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How do babies learn to talk?

The Conversation.
Author:   Interim Leader MARCS Institute BabyLab, Western Sydney University
“Babies are born ready to learn and although they don’t “talk” in the first weeks of life, they know how to communicate what they are feeling. They do this by crying. And it is something they do a lot before they produce words. Babies begin to learn the rules of language as soon as the little bones inside their ears and connections to their brain have grown. They can hear the rhythm and melody of their mother’s voice for three months before they are born and this changes the way their brain develops.”   http://theconversation.com/curious-kids-how-do-babies-learn-to-talk-111613  

‘The early years of a child’s life is the optimal time to lay the foundations for learning.’

The Spoke

Early Childhood Australia

Why getting early education right is so critical for children & our future

The future of Australia rests on early education. Early Childhood Australia’s (ECA) National President, Christine Legg talks about children’s early development and why Australia needs to invest in and support a high-quality early childhood education system. If you imagine a child’s brain as a five-drawer filing cabinet, research indicates that the majority of those drawers are already filled by the time the child turns five. ECA National President, Christine Legg, says this analogy is a powerful illustration of the importance of quality early childhood education. ‘The early years of a child’s life is the optimal time to lay the foundations for learning,’ Legg says. ‘The first five years are crucial at setting them on the path towards lifelong success as an adult. And success isn’t only measured by occupation or income—it’s also about individuals contributing to society as a whole person.’
    http://thespoke.earlychildhoodaustralia.org.au/getting-early-education-right-critical-children-future/

Reading

first5forever

Stories with family benefit everyone

January 22, 2019
We just love this special moment captured on camera between 18 month-old Edgar and his granny. You can see them both relishing the experience and it’s also clear Granny knows exactly how to make the most of her time with her grandson. Here’s what we love:
Follow the link to First5Forever to find out more. http://first5forever.org.au/stories-with-family-benefit-everyone/?utm_medium=email&utm_campaign=February%20monthly%20news&utm_content=February%20monthly%20news+Version+A+CID_0d5802dcbc5d8249728689ca66b9c853&utm_source=First5Forever%20enews&utm_term=Read%20more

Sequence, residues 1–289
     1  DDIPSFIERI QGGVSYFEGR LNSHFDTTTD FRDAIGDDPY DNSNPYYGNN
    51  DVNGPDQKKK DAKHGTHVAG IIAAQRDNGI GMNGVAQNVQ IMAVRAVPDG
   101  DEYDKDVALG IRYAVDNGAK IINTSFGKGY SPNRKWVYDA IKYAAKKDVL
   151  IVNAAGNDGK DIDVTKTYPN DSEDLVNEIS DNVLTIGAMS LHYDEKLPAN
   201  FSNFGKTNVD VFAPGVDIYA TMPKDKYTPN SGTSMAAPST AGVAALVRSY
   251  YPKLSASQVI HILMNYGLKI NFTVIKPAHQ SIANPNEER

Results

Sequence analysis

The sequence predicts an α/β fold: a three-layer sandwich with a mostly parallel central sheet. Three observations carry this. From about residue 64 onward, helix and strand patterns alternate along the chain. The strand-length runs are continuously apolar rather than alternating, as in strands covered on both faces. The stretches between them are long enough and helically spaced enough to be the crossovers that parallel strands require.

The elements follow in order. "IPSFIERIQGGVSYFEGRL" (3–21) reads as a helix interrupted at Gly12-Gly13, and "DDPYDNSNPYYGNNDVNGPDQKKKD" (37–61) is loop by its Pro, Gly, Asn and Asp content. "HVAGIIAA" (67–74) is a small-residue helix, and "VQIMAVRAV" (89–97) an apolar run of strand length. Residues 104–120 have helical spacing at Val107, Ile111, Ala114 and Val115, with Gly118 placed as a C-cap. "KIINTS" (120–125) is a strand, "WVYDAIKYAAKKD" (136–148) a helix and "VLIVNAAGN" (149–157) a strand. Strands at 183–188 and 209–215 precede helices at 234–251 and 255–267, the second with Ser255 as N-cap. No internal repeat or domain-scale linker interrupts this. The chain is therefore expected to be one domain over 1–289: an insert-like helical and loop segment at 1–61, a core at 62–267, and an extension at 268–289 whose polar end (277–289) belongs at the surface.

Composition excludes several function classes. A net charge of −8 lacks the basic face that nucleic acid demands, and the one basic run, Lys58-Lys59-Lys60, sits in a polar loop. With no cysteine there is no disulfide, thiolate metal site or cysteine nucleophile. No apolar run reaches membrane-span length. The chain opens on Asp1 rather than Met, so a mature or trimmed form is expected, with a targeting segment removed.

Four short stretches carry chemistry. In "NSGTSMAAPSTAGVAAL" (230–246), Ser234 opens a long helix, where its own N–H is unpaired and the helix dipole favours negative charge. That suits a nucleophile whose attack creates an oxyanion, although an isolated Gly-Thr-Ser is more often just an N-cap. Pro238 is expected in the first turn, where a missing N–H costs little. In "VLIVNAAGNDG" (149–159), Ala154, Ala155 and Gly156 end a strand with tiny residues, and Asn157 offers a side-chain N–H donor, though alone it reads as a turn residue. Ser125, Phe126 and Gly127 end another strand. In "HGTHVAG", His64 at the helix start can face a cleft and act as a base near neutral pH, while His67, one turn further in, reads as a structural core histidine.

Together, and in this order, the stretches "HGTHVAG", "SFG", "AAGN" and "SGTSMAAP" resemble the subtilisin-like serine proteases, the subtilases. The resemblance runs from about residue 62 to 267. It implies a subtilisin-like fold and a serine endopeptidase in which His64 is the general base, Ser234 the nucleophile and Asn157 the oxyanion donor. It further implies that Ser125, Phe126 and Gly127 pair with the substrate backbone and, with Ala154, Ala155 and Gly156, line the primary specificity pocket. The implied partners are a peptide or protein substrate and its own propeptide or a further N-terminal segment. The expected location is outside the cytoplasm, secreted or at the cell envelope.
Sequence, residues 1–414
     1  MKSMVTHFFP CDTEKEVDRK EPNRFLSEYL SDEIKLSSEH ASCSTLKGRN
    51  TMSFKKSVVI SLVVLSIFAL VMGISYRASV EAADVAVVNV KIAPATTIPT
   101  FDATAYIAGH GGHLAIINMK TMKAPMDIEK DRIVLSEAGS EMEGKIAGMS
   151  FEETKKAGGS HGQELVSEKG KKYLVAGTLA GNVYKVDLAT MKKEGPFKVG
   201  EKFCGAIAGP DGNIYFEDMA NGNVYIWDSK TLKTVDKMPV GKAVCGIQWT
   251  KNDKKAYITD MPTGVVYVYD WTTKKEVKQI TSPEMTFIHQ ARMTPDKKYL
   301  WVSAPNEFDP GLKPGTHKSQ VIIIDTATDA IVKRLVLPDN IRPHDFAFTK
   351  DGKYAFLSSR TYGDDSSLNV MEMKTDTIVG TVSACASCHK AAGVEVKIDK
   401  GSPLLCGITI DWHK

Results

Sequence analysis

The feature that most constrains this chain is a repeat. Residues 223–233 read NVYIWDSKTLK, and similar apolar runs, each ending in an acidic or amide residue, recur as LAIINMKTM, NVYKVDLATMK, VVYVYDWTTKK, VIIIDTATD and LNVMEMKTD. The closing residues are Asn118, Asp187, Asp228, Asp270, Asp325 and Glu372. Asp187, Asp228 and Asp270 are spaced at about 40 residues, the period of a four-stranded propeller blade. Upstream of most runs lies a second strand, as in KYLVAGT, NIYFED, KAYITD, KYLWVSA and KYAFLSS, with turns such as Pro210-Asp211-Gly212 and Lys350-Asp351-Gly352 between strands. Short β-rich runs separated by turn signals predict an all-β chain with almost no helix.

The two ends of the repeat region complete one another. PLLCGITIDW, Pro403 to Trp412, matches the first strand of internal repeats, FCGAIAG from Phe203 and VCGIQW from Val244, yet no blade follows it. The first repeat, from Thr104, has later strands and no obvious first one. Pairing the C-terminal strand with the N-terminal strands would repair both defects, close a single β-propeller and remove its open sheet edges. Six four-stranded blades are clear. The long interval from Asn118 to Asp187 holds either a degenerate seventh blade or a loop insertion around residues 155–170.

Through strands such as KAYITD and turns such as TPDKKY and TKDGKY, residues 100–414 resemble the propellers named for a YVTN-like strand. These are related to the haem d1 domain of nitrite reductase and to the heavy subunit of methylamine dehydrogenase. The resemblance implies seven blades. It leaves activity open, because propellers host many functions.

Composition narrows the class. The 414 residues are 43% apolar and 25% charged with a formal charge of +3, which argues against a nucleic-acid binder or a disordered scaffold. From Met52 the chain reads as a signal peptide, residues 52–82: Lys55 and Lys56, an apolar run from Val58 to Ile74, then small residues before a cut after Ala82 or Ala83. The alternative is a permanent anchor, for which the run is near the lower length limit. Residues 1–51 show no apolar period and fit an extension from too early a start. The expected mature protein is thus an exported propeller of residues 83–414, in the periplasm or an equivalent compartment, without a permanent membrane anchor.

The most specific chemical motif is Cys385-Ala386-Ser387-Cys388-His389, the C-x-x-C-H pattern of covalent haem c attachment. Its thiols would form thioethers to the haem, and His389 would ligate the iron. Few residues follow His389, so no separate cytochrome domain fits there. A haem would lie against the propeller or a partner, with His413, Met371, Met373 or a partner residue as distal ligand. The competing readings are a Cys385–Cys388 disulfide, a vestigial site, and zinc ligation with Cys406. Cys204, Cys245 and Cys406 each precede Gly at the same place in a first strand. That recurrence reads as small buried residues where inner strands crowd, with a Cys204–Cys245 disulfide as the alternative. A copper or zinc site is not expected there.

Six things you should do when reading with your kids

The Conversation. August 20, 2018 “There is magic in stories. We all remember hearing them as children, and we loved them. Imaginary adventures set in faraway places. Tales about how the dishwasher isn’t working. It doesn’t matter! Whether made up by parents or read from books, kids love to hear stories.”   https://theconversation.com/six-things-you-should-do-when-reading-with-your-kids-99637

Technology and Talking

Kids Who Use Smartphones Start Talking Later

TIME magazine   “Growing evidence suggests that screen time may have some negative consequences for young children’s development. In a new study of nearly 900 children between six months and two years old, researchers found that those who spent more time using handheld devices were more likely to have delays in expressive speech, compared to children who didn’t use the devices as much. For every 30 minutes of screen time, there was a 49% increased risk of expressive speech delay. The research, which was led by pediatricians at the Hospital for Sick Children in Canada, was presented at the annual meeting of the Pediatric Academic Societies.
MORE: Here’s How to Decide How Much Screen Time to Give Kids “What these results show is that if parents are trying to address their child’s language development with educational apps, it’s probably not working on a population scale,” says Dr. Jenny Radesky, assistant professor of developmental behavioral pediatrics at the University of Michigan and member of the American Academy of Pediatrics’ executive committee of the council on communications and media.” http://time.com/4769571/smartphone-speech-delays/